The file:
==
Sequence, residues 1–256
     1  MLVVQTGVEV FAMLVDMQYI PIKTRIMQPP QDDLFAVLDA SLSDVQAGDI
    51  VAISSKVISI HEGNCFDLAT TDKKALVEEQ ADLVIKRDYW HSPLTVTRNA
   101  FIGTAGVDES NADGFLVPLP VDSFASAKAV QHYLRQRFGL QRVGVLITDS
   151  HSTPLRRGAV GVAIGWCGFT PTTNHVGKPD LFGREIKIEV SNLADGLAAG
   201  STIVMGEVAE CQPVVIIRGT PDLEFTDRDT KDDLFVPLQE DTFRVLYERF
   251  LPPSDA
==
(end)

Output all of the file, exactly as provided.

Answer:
Sequence, residues 1–256
     1  MLVVQTGVEV FAMLVDMQYI PIKTRIMQPP QDDLFAVLDA SLSDVQAGDI
    51  VAISSKVISI HEGNCFDLAT TDKKALVEEQ ADLVIKRDYW HSPLTVTRNA
   101  FIGTAGVDES NADGFLVPLP VDSFASAKAV QHYLRQRFGL QRVGVLITDS
   151  HSTPLRRGAV GVAIGWCGFT PTTNHVGKPD LFGREIKIEV SNLADGLAAG
   201  STIVMGEVAE CQPVVIIRGT PDLEFTDRDT KDDLFVPLQE DTFRVLYERF
   251  LPPSDA